Boards of directors get carried away by what they believe they need to do financially to reward and keep top executives; in doing so, they create a seismic disconnect within the company, especially given the economic times. And especially when the company lacks the resources to acknowledge employees for great work at all levels of the organization.

Directors in companies in Europe and other parts of the world have a far smaller CEO compensation ratio to average worker salary than does the United States. However, it is creeping upward, influenced by what has been going on in America.  U.S. directors are driving a movement of  widening disparity between salaries at all levels and the CEO; the repercussions of this is like isolating the head from the backbone.

Irene Rosenfeld was among the CEOs in 2009 rewarded by her board with a significant increase in compensation, 41 percent; this included increasing her pension 55 percent to $4.2 million. One of her “achievements” was the hostile takeover of Cadbury.

Kraft has recently told 3,600 of Cadbury employees who are in a special pension plan that they will face a three-year pay freeze unless they opt out of that plan into another Cadbury plan that is less costly.

The timing here is awkward, at best.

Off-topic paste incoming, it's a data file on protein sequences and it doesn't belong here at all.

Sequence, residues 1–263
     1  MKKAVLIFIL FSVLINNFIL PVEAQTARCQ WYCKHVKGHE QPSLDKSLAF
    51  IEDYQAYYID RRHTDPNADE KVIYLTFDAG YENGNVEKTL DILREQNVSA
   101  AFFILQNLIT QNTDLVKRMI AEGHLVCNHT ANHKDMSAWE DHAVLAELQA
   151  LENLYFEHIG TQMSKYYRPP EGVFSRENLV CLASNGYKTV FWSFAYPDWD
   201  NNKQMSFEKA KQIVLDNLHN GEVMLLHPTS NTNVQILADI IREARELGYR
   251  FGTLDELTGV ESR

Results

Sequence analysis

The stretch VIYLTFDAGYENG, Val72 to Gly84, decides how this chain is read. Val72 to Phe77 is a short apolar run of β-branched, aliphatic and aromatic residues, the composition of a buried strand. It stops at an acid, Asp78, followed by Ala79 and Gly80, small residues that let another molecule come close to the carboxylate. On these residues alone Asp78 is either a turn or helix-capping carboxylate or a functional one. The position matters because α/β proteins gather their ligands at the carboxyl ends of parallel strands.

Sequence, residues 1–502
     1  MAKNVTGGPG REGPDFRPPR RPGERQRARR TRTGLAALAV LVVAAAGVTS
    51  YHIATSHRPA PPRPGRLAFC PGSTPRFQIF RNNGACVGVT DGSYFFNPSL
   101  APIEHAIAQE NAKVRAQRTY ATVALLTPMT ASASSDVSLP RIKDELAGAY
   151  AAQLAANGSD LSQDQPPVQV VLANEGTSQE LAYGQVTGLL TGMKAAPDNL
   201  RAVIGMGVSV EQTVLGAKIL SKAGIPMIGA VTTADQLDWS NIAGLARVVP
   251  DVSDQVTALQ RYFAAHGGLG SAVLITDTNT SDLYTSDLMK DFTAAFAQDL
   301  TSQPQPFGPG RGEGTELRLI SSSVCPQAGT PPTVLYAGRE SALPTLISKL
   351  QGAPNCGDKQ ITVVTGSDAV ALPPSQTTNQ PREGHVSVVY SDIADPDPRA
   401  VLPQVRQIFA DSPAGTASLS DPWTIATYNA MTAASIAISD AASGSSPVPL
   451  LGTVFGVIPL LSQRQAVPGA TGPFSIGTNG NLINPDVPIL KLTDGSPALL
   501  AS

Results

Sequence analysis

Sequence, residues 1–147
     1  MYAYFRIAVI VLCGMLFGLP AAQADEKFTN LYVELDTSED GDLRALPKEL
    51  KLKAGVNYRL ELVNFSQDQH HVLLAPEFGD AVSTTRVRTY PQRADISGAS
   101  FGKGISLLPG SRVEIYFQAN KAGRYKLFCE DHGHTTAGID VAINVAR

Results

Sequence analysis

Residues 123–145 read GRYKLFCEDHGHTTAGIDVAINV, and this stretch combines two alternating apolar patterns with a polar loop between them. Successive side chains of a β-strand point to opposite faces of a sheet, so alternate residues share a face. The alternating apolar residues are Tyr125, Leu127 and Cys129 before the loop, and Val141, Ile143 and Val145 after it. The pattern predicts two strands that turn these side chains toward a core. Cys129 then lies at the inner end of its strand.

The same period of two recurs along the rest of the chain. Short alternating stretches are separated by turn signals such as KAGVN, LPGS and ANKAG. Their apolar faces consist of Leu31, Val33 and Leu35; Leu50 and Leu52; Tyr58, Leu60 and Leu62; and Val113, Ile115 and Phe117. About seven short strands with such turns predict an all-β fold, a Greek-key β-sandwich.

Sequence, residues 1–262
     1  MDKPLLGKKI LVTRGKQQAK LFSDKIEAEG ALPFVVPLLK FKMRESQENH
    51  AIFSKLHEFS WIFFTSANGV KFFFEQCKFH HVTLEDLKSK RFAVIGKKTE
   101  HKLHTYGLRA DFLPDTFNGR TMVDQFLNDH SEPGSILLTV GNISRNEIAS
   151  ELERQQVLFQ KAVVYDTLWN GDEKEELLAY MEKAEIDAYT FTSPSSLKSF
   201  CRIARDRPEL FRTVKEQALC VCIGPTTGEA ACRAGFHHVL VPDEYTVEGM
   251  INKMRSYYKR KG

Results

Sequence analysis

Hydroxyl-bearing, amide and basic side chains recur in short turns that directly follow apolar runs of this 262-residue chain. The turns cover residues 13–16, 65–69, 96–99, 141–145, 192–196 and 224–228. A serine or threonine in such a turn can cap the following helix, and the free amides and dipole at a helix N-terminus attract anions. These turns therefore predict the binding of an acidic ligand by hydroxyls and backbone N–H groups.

There may be justification for Rosenfeld’s pension increase. How the pension issue plays with Kraft employees will depend on how they are affected by pension rules. However, to a few thousand Cadbury employees this CEO perk has got to rankle. These are the very issues of perceived fairness that create distrust especially in a merger of cultures.

Kraft’s directors have adopted and expanded on the employee code of conduct to guide their behavior. One of the first values is earning and keeping trust of its stakeholders, including employees. It is an important document for directors to keep on the front burner.

Rosenfeld has achieved great success in her time at Kraft. She has set very ambitious financial targets. She also faces all the challenges of leading the world’s No. 2 food company, including  the addition of debt from the purchase of Cadbury to retire. Not to mention the need to re-establish goodwill with the British government – wary about Kraft’s reneging a week after buying Cadbury on a promise to keep a particular plant open in England.

Kraft is but one example.

The imbalance in CEO compensation creates hidden costs that can come due when a company can least afford to pay them. Do boards of directors even consider the impact of executive compensation awards on a corporate culture? Do directors take the time to know what the ratio in their company is of average employee salary to CEO compensation? Do they consider how their actions might, no matter how well intentioned, erode trust in the organization?

Kenneth R. Feinberg, Special Master for TARP Executive Compensation, said recently, “Compensation is not simply about material gain or greed….compensation is, to most people, about self-worth.”

As long as one’s self worth is tied to title and income, can one ever be rich enough? “Enough” then has no boundaries. And the mirror used to tell what is reasonable and appropriate in a given organization has long since lost its reflection.

Gael O’Brien, April 4, 2010

The Week in Ethics